VHIR is a public-sector institution that promotes and develops the research, innovation and biosanitary teaching of the Vall d’Hebron University Hospital inside Vall d’Hebron Barcelona Hospital Campus. Through the excellence of their research, they identify and apply new solutions to the health problems of society contributing to spread them around the world.
The Pediatric Neurology Research group is mainly involved in the study of genetic diseases of the developing nervous system. The main emphasis is on paroxysmal neurological disorders and neuromuscular disorders. A common theme across the different projects, besides the identification of the molecular basis of several of these rare disorders, is the investigation of molecules involved in their pathophysiological mechanisms and the effective translation of these findings into the fields of molecular diagnosis, genetic counselling and newly developed gene or drug therapies.
The Group for Translational Research into Childhood and Adolescent Cancer is focused on research for new treatment targets or molecule targets (the place in the organism a drug acts on), based on the most advanced knowledge available on the biology of paediatric cancers. The Group has identified and will continue to work on new molecular targets for sarcomas (cancer that originates in connective tissue cells) and tumours of the nervous system. The group applies the knowledge acquired from basic research to the prevention and treatment of clinical cases in childhood cancer and haematological diseases, which contributes to better diagnosis, prognosis, treatment and control of such diseases
Dedicated to paediatric research. Interested in rare respiratory and endocrinologic diseases, but also in common paediatric problems like growth in normal children, asthma, neonatal problems and imaging. The research in rare diseases is focused on identifying genetic mutations, and understanding how these mutations adversely affect the activity of cells that ultimately result in rare diseases. For patients and families suffering these disorders is very important to have a correct diagnosis. Improving diagnosis and creating new tools should allow genomic testing to become part of National Health Service healthcare and will help identify patients suitable for treatment with new therapies.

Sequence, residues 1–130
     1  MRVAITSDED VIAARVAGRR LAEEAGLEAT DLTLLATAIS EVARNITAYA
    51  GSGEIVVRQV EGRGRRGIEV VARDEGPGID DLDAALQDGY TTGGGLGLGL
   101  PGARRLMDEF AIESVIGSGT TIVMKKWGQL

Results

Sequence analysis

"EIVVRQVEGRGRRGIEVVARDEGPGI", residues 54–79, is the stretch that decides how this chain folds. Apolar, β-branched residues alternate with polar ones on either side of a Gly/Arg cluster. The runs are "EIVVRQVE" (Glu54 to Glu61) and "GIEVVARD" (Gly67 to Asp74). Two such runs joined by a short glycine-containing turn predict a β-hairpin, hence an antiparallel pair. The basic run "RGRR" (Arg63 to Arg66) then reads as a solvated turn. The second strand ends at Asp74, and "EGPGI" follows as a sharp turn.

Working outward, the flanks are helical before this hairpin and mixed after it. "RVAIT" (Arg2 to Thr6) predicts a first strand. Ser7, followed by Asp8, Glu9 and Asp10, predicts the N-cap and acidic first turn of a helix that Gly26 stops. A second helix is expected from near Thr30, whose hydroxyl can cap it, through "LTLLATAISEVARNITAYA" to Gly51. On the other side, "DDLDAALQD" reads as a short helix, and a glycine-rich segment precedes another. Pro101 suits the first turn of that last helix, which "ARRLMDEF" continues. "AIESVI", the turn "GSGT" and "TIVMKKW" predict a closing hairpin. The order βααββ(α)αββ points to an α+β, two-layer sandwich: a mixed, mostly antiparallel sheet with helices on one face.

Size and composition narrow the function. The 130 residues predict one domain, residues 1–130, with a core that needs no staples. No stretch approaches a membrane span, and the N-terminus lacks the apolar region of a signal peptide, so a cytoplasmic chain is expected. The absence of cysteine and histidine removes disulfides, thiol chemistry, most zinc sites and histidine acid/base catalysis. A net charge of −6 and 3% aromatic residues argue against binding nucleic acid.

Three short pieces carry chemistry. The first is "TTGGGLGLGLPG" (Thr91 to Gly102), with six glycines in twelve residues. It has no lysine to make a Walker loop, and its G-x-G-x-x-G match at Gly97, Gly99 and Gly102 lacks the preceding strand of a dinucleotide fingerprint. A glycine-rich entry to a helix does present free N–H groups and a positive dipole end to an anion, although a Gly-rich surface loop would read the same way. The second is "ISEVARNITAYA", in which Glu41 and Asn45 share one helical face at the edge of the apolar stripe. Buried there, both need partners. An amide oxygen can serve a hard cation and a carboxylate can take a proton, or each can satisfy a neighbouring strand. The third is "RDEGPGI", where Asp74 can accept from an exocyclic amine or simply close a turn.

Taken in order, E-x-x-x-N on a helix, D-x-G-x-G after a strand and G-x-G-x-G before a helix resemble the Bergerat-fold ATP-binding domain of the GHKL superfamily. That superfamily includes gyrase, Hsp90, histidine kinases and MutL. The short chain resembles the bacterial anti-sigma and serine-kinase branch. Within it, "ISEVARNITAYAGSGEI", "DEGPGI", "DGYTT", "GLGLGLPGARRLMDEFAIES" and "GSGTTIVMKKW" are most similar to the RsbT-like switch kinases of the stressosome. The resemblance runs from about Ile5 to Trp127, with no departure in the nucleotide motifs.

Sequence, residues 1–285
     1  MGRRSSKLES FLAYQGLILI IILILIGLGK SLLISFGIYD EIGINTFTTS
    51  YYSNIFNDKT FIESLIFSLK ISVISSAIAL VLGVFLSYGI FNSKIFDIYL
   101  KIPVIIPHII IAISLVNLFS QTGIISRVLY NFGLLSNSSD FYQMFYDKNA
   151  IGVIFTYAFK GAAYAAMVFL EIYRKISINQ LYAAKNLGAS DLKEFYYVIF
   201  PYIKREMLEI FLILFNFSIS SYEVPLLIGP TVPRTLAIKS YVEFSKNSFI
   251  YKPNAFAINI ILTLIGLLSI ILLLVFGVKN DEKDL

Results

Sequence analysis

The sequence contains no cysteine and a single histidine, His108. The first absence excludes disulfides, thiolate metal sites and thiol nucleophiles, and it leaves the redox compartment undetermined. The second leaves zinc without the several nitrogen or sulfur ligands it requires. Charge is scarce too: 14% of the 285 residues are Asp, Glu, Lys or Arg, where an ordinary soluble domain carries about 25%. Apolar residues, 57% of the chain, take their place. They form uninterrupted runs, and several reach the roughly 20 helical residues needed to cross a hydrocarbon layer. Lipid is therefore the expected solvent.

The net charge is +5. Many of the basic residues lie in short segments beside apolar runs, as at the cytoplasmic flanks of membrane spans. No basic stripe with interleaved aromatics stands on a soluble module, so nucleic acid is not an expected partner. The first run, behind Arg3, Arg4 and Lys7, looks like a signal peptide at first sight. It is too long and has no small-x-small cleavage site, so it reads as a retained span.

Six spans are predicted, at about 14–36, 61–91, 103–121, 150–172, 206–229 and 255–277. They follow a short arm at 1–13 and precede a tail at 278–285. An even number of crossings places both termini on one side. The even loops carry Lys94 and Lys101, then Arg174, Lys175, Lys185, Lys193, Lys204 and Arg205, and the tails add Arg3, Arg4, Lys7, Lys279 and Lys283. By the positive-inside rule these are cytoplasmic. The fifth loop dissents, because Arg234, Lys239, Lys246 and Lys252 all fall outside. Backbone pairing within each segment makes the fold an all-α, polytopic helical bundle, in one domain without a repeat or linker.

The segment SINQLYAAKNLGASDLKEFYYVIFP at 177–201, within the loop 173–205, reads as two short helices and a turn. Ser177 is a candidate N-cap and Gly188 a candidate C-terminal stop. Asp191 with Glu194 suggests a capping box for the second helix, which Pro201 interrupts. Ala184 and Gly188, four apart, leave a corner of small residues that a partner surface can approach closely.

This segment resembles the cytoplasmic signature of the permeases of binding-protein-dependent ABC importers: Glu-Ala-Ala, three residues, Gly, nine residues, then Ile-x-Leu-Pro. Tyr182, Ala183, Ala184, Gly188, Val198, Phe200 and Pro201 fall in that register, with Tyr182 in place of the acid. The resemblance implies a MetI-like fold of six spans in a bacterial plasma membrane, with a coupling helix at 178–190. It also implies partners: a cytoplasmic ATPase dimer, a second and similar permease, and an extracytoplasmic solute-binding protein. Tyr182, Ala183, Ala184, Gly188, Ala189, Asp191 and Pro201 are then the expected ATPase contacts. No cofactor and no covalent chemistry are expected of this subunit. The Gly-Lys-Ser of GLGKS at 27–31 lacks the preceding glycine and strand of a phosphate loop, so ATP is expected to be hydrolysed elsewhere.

The Cardiac Surgery and Pediatric Cardiology Service of Vall d’Hebron has participated in more than one hundred research projects. Among the research carried out are the study of the neurological repercussions of fetuses and newborns with congenital heart disease; new cardiac surgery techniques; the program in interventional and pediatric hemodynamics with the use of new devices for percutaneous treatment; the development of new drugs for heart failure and severe pulmonary arterial hypertension and of new ventricular assist devices for treatment bridging cardiac transplantation; the creation of a home monitoring system for children with heart disease and the development of new imaging techniques with cardiac echocardiography. In addition, in the field of genetic studies, the service participate in international research on hereditary diseases of the aorta and hereditary heart diseases with risk of sudden death.
The HIV Translational Laboratory is focused on the characterization of the latent HIV reservoir and the development of new therapeutic strategies directed to deplete this latent reservoir with the ultimate goal of curing HIV. The lab is located within the Infectious Disease unit of the Vall d´Hebrón Hospital, and has access to clinical samples of more than 2100 HIV-infected patients. The priority research lines are: i) Understanding the viral mechanisms involved in the long-term maintenance of viral latency, ii) Assessing the impact of new drugs to purge the latent reservoir, iii) Exploring new synergistic approaches to deplete the latent reservoir with bi-specific nanoparticles, and iv) Targeting specific sites of viral replication. Moreover, we are working with samples from SARS-CoV-2 infected patients in two different lines of research: i) identification of repurposing drugs using lung tissue models, and ii) predicting long-term immunity.